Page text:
Unit testing Bash scripts

Leaking Bash options and modularization challenges

Unit testing in Bash is perhaps even more important than in most other languages. Because it has so many sharp edges it’s even more to benefit from a test suite during development. Although Bash comes with its own unique set of challenges when it comes to modularization, it’s possible to isolate and test individual components.

Requirements for unit testing

In Bash you can define functions to capture part of the business logic.

function hello() {
  local username=$1
  echo "Hello, $username"
}

Functions can be invoked from the same script file but it’s also possible to import definitions to other scripts by using the source command.

source greeting.sh
hello "John"

These tools provide the foundations for unit testing.

source greeting.sh

result=$(hello "John")
expected=$("Hello, John")

if [[ "${result}" == "${expected}" ]]; then
  echo "Test passed!"
else
  echo "Test failed!"
  exit 1
fi

(This example does not leverage a testing framework, but conceptually it would look similarly.)

However, it’s not quite that simple in Bash. Even if there are several functions in a script file they are typically also invoked by the same script.

# define function
function hello() {
  local username=$1
  echo "Hello, $username"
}

# call function
hello "John"

In these case sourcing the file would not only include the function definitions but it would also execute them immediately.

Let’s see two approaches on how to deal with this.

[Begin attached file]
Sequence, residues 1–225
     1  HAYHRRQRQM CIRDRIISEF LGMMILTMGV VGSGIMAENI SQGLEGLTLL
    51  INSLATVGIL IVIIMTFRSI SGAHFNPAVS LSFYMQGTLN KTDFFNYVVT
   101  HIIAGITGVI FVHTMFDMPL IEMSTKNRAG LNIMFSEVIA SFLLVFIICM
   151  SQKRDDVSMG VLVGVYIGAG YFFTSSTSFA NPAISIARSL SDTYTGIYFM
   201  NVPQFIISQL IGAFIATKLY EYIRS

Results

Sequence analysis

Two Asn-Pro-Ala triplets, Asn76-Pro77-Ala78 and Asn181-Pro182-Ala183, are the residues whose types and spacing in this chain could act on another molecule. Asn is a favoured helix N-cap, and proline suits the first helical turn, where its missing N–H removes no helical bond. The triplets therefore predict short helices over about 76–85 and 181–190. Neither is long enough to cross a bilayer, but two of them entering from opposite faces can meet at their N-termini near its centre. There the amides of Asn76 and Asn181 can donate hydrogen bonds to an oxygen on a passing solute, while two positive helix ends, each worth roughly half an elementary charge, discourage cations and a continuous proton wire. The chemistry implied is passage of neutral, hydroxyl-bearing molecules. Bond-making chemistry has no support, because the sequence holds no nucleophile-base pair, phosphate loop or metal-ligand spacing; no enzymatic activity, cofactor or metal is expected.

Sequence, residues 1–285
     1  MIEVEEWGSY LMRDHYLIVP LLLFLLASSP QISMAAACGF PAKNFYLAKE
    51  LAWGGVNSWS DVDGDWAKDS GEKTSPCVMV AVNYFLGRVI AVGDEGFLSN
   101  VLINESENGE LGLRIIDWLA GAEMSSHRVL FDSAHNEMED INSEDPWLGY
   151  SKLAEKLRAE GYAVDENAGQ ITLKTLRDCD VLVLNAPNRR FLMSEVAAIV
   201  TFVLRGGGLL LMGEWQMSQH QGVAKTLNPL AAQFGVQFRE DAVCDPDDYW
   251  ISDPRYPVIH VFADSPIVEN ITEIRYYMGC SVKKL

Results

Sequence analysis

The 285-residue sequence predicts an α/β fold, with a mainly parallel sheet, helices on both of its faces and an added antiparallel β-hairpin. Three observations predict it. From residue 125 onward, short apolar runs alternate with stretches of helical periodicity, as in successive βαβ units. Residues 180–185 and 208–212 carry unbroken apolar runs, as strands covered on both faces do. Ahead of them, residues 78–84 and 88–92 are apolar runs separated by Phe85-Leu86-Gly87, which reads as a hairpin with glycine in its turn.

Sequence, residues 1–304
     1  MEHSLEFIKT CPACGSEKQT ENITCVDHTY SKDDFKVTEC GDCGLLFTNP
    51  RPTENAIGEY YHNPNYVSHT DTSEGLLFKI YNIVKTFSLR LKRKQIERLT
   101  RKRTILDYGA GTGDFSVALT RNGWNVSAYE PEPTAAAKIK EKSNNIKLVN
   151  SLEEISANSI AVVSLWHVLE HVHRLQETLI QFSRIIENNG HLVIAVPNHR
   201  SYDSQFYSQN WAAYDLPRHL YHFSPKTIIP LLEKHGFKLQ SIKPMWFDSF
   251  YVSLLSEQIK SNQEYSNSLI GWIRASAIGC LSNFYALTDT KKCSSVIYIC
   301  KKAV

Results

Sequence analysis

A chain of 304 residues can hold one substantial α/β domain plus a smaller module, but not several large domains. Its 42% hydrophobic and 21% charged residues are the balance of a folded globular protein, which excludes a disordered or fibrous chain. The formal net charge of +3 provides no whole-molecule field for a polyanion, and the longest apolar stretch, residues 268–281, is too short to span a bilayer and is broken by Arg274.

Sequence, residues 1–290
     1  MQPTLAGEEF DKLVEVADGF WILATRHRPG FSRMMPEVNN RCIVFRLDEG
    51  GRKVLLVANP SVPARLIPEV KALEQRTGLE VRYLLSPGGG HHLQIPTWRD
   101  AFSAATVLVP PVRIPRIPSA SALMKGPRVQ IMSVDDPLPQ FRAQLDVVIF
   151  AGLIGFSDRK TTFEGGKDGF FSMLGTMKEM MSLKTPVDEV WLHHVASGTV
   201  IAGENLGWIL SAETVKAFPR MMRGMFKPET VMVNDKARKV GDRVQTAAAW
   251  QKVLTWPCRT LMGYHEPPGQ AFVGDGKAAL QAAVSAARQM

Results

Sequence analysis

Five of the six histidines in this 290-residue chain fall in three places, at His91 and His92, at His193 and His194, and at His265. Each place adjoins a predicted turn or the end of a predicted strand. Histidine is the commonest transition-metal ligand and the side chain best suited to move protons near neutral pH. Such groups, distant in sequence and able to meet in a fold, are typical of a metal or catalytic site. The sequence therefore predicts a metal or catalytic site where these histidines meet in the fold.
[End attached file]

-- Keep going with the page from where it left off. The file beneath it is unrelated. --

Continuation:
We write articles like this regularly. Join our mailing list and let's keep in touch.

Modularization

A possible solution is to separate the script into multiple files by extracting the function definitions into a separate file and leaving the rest behind. The file with the definitions could be easily unit tested.

Slicing up a big file into multiple, smaller chunks is probably not a bad idea anyway; it’s easier to reuse and understand smaller modules.

Let’s create a more modular version of the previous example by creating the following two files in the same directory.


informal_module.sh:

function hello() {
  local username=$1
  echo "Hello, $username"
}


greeting.sh:

source informal_module.sh
hello "John"


It looks clean and nice, but unfortunately, it would only work in some cases. source works relative to the current working directory (where the script is invoked from) rather than to the location of the script itself.

Depending on which directory we are at the time when we execute the previous example, it might fail to include the definitions from informal_module.sh.

According to Stack Overflow (1, 2), the BASH_SOURCE variable can be used reliably to determine the path to the directory of the script file. This can be used to include other scripts relative to its location.

Let’s see how greeting.sh can be modified to overcome this problem.

script_dir="$( cd "$( dirname "${BASH_SOURCE[0]}" )" && pwd )"
source "${script_dir}/informal_module.sh"
hello "John"

Detect sourcing

Another alternative suggested by Darin London is to do what Python does and modify the script to detect if it’s being run directly, or if it is just being sourced.